Smoke billowed past the passenger car windows, momentarily masking her view of a sparkling blue lake amid the rolling countryside—not quite as scenic as the landscape in Wheatley, but certainly prettier than she’d imagined. Emma smoothed her hand over a stomach that was roiling with a mixture of anticipation and dread. She had no idea what to expect upon her arrival in Toronto, and the very real fear that she’d placed too great an importance on this trip continued to nag at her—as well as the uncomfortable feeling that she hadn’t really consulted with God before making her impulsive decision. What if Jonathan was right about giving her father fair warning before simply appearing on his doorstep? What if her father wanted nothing to do with her?

Emma leaned back and took a deep breath. Nothing would be gained by this tiresome worrying. Only time would tell whether her journey would be worth leaving everything behind—or not.

In the seat beside her, Jonathan slept with his head against the window. He still looked somewhat green, a color that seemed to haunt him since their ocean crossing. Who knew he would make such a poor sailor? Despite the doctor’s pronouncement that he was fine, their six-day sojourn in Halifax had done little to restore Jonathan’s equilibrium, and the extreme jostling of the train for the past two days had only exacerbated his condition. Because of the constant nausea, he’d barely been able to keep down more than a few saltine crackers and tea and had slept most of the time.

A door opened at the far end of the car, and a man in a conductor’s uniform entered. He stopped at the first seat and requested to see the occupants’ tickets, as he’d done after every new stop.

Several rows ahead, a young girl slipped away from her mother and darted into the aisle. Despite the jerky movement of the train, the girl managed to race toward Emma, a grin of triumph lighting her face.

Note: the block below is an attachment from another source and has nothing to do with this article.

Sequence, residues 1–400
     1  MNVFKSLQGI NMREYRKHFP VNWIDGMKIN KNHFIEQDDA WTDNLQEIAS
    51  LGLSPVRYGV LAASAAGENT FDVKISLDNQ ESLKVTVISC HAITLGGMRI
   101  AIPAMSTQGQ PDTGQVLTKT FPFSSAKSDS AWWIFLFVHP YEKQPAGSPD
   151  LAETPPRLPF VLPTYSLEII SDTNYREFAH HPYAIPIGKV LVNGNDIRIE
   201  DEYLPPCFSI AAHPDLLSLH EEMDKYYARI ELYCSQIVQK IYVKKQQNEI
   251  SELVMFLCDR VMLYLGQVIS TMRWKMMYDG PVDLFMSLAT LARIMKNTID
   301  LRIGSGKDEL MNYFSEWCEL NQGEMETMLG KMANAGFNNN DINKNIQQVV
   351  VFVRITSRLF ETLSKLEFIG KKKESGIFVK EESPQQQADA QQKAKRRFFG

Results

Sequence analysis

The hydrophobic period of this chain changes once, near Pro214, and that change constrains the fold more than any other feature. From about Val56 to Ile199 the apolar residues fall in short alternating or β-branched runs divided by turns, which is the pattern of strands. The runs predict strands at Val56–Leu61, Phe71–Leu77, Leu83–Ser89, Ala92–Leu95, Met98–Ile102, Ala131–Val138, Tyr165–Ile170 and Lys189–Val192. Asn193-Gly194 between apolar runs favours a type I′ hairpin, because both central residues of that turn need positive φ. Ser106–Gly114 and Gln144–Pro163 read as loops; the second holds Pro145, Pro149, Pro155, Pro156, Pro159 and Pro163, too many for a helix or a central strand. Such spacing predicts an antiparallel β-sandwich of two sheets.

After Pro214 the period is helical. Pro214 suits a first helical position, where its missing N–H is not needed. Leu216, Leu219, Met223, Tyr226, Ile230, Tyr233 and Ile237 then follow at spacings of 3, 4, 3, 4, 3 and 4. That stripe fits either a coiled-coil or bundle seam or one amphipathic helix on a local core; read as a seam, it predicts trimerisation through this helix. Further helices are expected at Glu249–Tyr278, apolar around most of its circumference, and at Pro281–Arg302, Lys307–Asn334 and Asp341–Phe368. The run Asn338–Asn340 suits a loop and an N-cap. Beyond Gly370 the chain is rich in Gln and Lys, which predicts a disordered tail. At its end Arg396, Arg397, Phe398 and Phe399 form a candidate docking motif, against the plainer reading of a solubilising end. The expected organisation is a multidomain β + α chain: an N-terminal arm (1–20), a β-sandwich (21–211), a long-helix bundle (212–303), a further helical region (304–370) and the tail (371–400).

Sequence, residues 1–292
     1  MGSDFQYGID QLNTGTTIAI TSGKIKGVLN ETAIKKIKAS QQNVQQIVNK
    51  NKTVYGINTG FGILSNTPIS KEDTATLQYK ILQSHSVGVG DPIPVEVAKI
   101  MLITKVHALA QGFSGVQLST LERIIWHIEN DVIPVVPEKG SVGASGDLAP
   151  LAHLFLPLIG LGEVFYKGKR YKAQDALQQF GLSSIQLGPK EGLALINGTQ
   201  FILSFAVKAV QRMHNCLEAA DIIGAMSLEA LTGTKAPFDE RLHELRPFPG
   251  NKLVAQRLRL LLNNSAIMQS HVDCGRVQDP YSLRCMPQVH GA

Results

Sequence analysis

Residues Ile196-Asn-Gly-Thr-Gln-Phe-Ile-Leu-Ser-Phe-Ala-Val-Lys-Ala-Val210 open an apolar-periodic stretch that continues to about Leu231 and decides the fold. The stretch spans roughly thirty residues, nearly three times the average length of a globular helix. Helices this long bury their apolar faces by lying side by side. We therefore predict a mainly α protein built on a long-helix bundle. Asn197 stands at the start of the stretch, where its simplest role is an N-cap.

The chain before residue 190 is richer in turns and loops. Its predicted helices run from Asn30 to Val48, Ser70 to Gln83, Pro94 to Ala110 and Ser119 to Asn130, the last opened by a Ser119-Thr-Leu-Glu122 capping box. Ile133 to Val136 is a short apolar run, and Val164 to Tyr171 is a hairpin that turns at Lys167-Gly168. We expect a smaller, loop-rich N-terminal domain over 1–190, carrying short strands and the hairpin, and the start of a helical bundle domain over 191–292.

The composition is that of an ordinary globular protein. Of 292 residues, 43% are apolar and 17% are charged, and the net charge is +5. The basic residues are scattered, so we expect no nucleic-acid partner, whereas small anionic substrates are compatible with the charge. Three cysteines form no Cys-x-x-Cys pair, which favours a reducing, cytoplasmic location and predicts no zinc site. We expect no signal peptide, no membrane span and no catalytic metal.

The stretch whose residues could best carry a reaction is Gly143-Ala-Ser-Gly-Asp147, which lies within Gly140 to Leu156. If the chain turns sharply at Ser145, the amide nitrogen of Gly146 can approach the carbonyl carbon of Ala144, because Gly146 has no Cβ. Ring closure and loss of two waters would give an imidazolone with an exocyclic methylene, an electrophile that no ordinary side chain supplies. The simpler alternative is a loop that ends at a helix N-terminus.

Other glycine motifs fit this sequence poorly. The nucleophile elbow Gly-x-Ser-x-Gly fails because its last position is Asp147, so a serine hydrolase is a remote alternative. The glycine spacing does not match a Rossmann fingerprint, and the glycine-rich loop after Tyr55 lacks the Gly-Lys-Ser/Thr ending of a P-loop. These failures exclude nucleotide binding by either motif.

She came to an abrupt halt at Emma’s seat and stared, eyes dancing. Hello. My name’s Sarah. I like your hat.

Before Emma could reply, a bearded man approached. Sarah, you must stay where your mama and I can see you. He lifted the girl into his arms and dropped a kiss on her cheek. Come now. You can give the conductor our tickets.

Sarah threw her arms around the man’s neck. Then can I have some candy, Papa?

The man chuckled, gazing at the child with such adoration that Emma’s throat tightened. If you promise to stay in your seat, you may have a peppermint, he said.

Emma watched them until they disappeared from view, but the image of the man’s expression as he held his daughter remained seared in Emma’s mind, igniting a flicker of hope.

She’d traveled four thousand miles to receive a look such as that.

When the conductor reached them, Emma handed him the tickets. How much longer until we reach Toronto?

The man’s expression brightened as he met her inquiring gaze. He appeared to be a little older than Jonathan, perhaps twenty-five or so, but his uniform gave him an air of authority. About three hours, miss.

Thank you. She bit her bottom lip. Only three hours until she’d disembark in the city where Randall Moore had been living for the past twenty-two years. Twenty-two years that Emma had believed her father to be dead. Was she daft to come so far in search of him without writing first?

Jonathan seemed to think so. He’d tried to get her to postpone her trip until she’d contacted Randall. However, the fear that her father would reject her before she’d even had the chance to meet him had spurred her to take immediate action. A letter could be ignored, but it would be a lot harder to dismiss her when she was standing right in front of him.

Are you all right, miss? The conductor peered at her, a concerned frown wrinkling his brow. You’re not feeling ill, I hope. He glanced over at her companion, perhaps fearing she had succumbed to motion sickness as well.

Emma managed a smile. I’m fine. Just a bit nervous is all.

Heartier than your husband, I see. He chuckled as he punched their tickets.

He’s not my husband, Emma replied quickly. Just a dear friend who was good enough to accompany me on this trip.

Curiosity animated the man’s rugged features. First time to Canada?

Yes. She squeezed her gloved hands together on her lap. I’m here to . . . visit some relatives I’ve never met before.